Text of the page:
Remember Jin? The 106 and Park Freestyle Fridays champ who boarded the Ruff Ryders’ sinking ship in 2001 then hooked up with Wyclef for his lackluster 2004 debut, The Rest is History?
Ever since the first time he grabbed the mike on Robert Johnson’s network, Jin has been labeled as a battle emcee. The tag can lead to a reputation of vicious 16s and punch lines, but it usually doesn’t lead to commercial success – just ask Canibus. But instead of turning a corner, his sophomore album, The Emcee’s Properganda, just leaves us with more questions. Can Jin ever become a mainstay in hip-hop culture, or will he always be relegated to online videos of him battling at car shows in Southern California?
After failing to teach Chinese to BET’s Rap City‘s fan base or appeal to the 50 Cent segment of the hip-hopulation with the flaccid single “Senorita,” Jin’s career has been a roller-coaster ride. There was the legendary Fight Klub battle in Puerto Rico, where he tore through Shells and other competitors (highlighted by comical freestyle bars such as “in a couple of years, I should have at least a few hits/and Eve did leave, you interested?/Ruff Ryders needs a new bitch”), followed by an upset loss the following year to Serius Jones (Jin reclaimed the title last year). In early 2005, he made a dis record toward New York radio giant Hot97 and its on-air personality Miss Jones after parodies were made about the 2004 tsunami. In May of 2005 he recorded “I Quit,” announcing his apparent retirement from rap. Then, in a strange and comical twist, Jin was reborn on Myspace.com (LINK: http://myspace.com/jinthamc), where word quickly spread that he was back, now rhyming as the Emcee.
Dee and Waah are nowhere to be found on The Emcee’s Properganda, so there are no attempts here of bamboozling Jin into some sort of marketing machine that he was never destined to be. Instead, he aims for a purer approach to be a liberator – a savior, if you will, of true hip-hip fighting off the evil forces of the “The Whisper Song” and the “Window Shopper.”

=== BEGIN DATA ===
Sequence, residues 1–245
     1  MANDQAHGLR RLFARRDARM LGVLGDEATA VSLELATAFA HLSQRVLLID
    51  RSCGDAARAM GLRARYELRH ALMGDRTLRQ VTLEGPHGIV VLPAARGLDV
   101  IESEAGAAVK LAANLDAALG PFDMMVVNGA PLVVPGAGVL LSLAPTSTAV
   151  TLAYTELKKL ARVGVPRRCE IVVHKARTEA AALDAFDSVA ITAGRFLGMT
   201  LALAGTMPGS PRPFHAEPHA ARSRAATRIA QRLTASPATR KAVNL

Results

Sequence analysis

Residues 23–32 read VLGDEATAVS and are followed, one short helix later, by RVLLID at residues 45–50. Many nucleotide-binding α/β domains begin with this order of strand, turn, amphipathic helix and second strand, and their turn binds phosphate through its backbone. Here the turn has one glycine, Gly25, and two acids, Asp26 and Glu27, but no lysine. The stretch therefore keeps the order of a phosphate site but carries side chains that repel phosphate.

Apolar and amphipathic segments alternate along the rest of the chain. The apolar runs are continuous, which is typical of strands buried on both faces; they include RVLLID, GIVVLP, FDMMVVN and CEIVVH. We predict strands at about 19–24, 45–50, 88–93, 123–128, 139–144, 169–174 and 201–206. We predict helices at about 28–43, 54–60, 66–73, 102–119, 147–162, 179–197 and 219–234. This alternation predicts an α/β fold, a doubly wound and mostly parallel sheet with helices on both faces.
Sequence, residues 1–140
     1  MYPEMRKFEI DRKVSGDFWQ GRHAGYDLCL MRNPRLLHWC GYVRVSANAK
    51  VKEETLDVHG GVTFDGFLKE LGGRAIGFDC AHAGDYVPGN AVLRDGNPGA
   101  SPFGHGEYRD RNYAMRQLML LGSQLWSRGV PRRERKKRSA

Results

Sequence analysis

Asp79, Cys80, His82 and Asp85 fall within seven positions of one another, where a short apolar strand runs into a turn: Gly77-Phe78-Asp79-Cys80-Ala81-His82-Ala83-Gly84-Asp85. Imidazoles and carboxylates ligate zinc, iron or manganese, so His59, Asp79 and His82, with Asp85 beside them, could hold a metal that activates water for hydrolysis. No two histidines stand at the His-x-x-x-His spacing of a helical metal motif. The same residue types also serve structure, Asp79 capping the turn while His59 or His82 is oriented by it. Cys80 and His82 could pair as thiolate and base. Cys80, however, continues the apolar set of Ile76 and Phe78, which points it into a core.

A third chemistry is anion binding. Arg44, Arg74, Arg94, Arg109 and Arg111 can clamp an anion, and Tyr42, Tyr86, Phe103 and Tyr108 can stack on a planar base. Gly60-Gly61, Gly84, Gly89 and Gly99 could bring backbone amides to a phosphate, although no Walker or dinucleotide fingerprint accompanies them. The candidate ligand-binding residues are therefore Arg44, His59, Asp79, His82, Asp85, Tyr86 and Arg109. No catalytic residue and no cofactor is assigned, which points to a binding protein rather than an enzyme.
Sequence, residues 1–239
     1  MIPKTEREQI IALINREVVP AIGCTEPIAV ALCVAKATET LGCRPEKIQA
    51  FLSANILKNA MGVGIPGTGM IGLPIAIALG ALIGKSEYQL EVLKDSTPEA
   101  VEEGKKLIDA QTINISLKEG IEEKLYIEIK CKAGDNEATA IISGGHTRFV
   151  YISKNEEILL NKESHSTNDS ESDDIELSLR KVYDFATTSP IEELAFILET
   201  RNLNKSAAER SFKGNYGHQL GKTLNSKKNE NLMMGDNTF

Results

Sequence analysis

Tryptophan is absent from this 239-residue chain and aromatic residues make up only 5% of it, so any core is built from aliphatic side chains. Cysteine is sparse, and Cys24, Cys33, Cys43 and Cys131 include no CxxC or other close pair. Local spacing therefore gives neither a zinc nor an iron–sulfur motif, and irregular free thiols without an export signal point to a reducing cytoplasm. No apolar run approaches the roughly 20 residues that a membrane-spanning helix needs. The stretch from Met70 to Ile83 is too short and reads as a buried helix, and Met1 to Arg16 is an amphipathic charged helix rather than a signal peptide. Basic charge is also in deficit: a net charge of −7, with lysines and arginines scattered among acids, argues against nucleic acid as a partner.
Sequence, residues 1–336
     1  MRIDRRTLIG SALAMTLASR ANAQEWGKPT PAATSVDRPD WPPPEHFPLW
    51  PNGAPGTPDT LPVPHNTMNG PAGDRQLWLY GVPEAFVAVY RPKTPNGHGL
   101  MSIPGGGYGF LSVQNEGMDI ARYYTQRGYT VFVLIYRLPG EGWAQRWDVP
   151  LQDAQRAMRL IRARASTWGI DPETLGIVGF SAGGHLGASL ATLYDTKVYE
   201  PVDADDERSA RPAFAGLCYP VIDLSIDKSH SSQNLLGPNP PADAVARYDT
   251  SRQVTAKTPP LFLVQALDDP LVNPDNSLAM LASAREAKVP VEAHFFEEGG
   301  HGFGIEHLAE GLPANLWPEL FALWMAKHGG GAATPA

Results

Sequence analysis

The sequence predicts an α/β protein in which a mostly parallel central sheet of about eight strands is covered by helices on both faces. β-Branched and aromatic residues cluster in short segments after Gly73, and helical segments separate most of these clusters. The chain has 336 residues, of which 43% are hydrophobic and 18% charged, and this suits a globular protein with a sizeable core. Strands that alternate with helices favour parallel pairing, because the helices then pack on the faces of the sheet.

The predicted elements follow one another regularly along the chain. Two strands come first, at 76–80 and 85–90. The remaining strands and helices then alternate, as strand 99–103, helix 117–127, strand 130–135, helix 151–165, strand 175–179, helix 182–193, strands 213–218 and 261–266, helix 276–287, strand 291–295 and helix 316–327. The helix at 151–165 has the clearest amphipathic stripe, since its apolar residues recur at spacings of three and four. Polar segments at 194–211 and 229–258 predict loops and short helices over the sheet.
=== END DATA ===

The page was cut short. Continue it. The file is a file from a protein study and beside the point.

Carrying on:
The first few tracks are solid. The first single, “Top 5 (Dead or Alive),” is a homage to hip-hop legends past and present. For an artist longing for acceptance in a culture where his heritage has long been neglected, it is a safe route to appeal and gain the respect of hip-hop critics. After a while, though, it becomes the album’s salient characteristic: Jin spits on track after track about his idols, from Pun to Prodigy, along with the “anti-commercial” hip-hop message he is trying to send. And it becomes as played out as the songs he is criticizing.
“My First Time” is a decent storytelling effort with an obvious twist, but the oratory capabilities Jin displays here are nowhere near those of Slick Rick or Nasir Jones. Meanwhile, “Foolish Little Girls” is molded from the Susan B. Anthony school of rap. It aims to be an uplifting song encouraging self-respect among females, spearheaded by verses such as “Young ‘uns are taught to ‘Get Low’/ But their self-esteem has hit rock bottom/ so how much further can they go?” Aside from “Perspectives,” “Top 5” and the title track, Properganda is laced with mediocre concepts and mediocre beats from teenage producer Golden Child.
The Beanie Sigels and Jadakisses have become so respected and successful in hip-hop because they convey their environment and experiences and their love of the culture into their songs. Showing props is a good start, but unless Jin can learn to truly inspire, he will always be relegated to being top dog on the freestyle circuit, like a slam-dunk champion without an NBA championship or, as Matisyahu may put it, a king without a crown.
Prefix interview: Jin tha MC [Battle tested]